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Recommended Gas Water Heaters?

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Jake Page Icon Posted 2019-03-31 9:50 PM
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This is as off-topic as I can make it:

I'm in the US, I need a 50 gallon gas water heater, and that's all I know about this.

Any recommendations/suggestions?

Jake
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Rich Hawley Page Icon Posted 2019-04-01 3:22 AM
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Funny you ask…just installed one last fall in my house. I had a 1980s General Electric 35 gal electric heater. It worked okay, you could get two 15-20 minute showers out of it before you exhausted it. In Oct the element burnt out. I was going to just replace the element but then I noticed the corrosion on the casing, missing insulation, not worth fixing.

Since I a have natural gas furnace, I decided to convert to gas. Big times savings in annual costs. You didn't specify natural gas or propane because the are differences to consider.

Lots of good gas hot water heaters out there. Like washers and dryers and refridgerators, you have just a few making components and slapping on different manufacturer lables.

Rheem is what I bought, but Richmond, AO Smith, and others have been around for years.

Converting from elec to gas would normally be a pain… running gas lines, 5" vent through the roof, etc. But mine was a breeze. I ended up installing a Rheem tankless hw heater. No energy wasted heating a tank and keeping it warn. Smaller, less space. Wents through a standard 5" vent through the wall… no roof work.

Now I can take a 3 hour shower while Pattie does dishes and laundry… never ever run out of hot water. The cost was more, about $800 to do it myself versus the $300 a tanked gas hw heater would cost, but for instant unlimited hot water it is very sweet.

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Jake Page Icon Posted 2019-04-01 1:48 PM
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Ah, Rich--I was hoping I would see an answer from you.

Congratulations on your own install. I'm not up to that, especially since this is a natural gas unit, but I was glad to hear that "parts-is-parts" is also an element of water heater construction. In terms of company choice, Consumer Reports said to go with the longest warranty possible.

I have a service contract on a/c and heat and I'll call them today and see what they offer. I have an estimate coming from Home Depot as well, though I usually hate their third-party work. HD will be reference, I imagine.

Thanks for your post, man.

Jake
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Rich Hawley Page Icon Posted 2019-04-01 11:12 PM
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Many times Jake, if you are converting from electric to gas, the gas companies have promotional offers to offset expenses. Mine had a service tech come out and he gave me (custom cut) all the black galvanized pipe I wanted, several 90° angles, 5 brand new gas valves to hook up to the 6 port manifold so I had independent cuttoffs for the dryer, tankless heater, kitchen range, and furnace. Those valves are about $75 each. Then next day he came back, turned off the gas…put on a pressure checker to check lines, then connected my feedline to the meter and checked for leaks before leaving. He gave me the 5th valve and a bunch of fittings and pipe as well as a 30ft roll of 1/2" copper tubing as I mentioned to him that this summer I planned on buying a natural gas grill for my patio.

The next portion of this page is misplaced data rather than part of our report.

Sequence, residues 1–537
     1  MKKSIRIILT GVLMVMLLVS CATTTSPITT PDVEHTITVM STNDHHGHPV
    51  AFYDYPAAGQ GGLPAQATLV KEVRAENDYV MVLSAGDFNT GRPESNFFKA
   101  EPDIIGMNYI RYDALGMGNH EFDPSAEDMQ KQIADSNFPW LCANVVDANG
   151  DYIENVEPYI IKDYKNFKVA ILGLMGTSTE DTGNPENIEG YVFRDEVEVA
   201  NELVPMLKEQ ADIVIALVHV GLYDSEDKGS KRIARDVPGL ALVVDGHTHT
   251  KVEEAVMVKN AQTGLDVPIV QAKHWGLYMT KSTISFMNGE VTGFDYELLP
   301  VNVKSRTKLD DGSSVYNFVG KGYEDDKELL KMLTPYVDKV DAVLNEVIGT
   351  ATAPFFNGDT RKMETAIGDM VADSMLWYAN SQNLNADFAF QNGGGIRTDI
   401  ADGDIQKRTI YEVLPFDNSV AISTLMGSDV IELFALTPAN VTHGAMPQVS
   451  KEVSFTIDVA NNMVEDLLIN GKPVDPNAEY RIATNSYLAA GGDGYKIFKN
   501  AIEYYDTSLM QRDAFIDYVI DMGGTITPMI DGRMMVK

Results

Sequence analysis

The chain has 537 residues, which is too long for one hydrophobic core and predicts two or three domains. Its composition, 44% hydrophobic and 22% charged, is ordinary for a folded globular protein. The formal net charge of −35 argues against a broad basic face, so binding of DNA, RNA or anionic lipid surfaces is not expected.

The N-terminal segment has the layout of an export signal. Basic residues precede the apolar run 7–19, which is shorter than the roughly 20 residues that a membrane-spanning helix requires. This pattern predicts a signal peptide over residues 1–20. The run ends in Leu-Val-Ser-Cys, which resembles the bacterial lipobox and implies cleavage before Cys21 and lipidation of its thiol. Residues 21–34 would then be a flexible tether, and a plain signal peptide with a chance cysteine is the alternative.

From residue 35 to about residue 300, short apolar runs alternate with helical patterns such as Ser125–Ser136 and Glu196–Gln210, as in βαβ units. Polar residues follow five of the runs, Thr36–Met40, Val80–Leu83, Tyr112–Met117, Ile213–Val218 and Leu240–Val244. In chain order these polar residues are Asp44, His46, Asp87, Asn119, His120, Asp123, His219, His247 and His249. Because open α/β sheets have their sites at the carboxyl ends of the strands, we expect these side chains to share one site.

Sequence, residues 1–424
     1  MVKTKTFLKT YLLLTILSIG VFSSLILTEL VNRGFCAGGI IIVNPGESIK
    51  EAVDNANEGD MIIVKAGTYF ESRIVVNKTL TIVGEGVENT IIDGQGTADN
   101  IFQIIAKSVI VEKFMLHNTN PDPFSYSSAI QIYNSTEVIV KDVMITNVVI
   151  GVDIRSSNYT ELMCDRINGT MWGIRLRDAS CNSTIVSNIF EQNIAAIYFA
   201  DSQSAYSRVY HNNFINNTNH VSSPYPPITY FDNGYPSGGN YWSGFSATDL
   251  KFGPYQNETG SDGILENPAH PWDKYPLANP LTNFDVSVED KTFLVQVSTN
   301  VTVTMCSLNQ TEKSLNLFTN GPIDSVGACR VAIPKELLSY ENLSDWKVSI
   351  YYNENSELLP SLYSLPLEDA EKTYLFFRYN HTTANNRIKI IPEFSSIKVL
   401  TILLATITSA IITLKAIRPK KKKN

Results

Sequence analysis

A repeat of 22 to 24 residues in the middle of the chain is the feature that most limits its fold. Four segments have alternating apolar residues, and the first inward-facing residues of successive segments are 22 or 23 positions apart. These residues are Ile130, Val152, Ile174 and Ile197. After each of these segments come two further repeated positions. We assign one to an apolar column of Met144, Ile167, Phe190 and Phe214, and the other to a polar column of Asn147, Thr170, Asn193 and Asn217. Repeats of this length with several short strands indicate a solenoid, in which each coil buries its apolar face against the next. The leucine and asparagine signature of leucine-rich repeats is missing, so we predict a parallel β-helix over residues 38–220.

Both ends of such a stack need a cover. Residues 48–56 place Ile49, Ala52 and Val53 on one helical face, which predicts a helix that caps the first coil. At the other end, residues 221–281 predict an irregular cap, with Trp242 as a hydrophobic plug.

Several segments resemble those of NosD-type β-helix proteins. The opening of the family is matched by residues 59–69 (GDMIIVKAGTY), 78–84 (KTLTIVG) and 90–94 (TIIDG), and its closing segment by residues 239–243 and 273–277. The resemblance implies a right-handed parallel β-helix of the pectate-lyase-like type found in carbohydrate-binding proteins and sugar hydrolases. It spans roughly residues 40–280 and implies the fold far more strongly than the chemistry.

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Jake Page Icon Posted 2019-04-02 2:59 PM
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The original owner of our house had switched the stove from gas to electric and when we finally moved back to the States, the first thing I did was hire someone to switch it back. It was expensive and I wish I had known that gas companies were so eager to help out.

Jake
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Jake Page Icon Posted 2019-04-06 9:43 PM
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Ended up buying a Rheem with a 9-year warranty from Home Depot. And found a plumber would pick up the water heater, install it, and haul the old one for $300USD, which is a very good deal for the Washington area.

Montgomery County is a bit of a Nanny State and the chimney has to be lined in steel (carries up gases faster than clay). That's $1500-$1900USD, but then I discovered that I HAD gotten both chimneys re-lined. Have no recollection of this. Must've been the magic water heater elves that I've read so much about.

Jake
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Rich Hawley Page Icon Posted 2019-04-07 8:41 PM
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I'll sleep easier now knowing that you are not showering with cold water…and actually the problem with the old clay flues was the gas byproducts produced will eat away at the mortar joints over the long haul. You wouldn't want your flue to fall apart then have heat tranfer from hot stone to your underlying wood structure…unless you want to burn down your house for the insurance…
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Jake Page Icon Posted 2019-04-08 2:17 PM
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Huh. I had not realized that was the core issue of relining. That would explain why the contractor relined my chimneys when he repointed them (I finally figured out when the relining must've happened).

Jake
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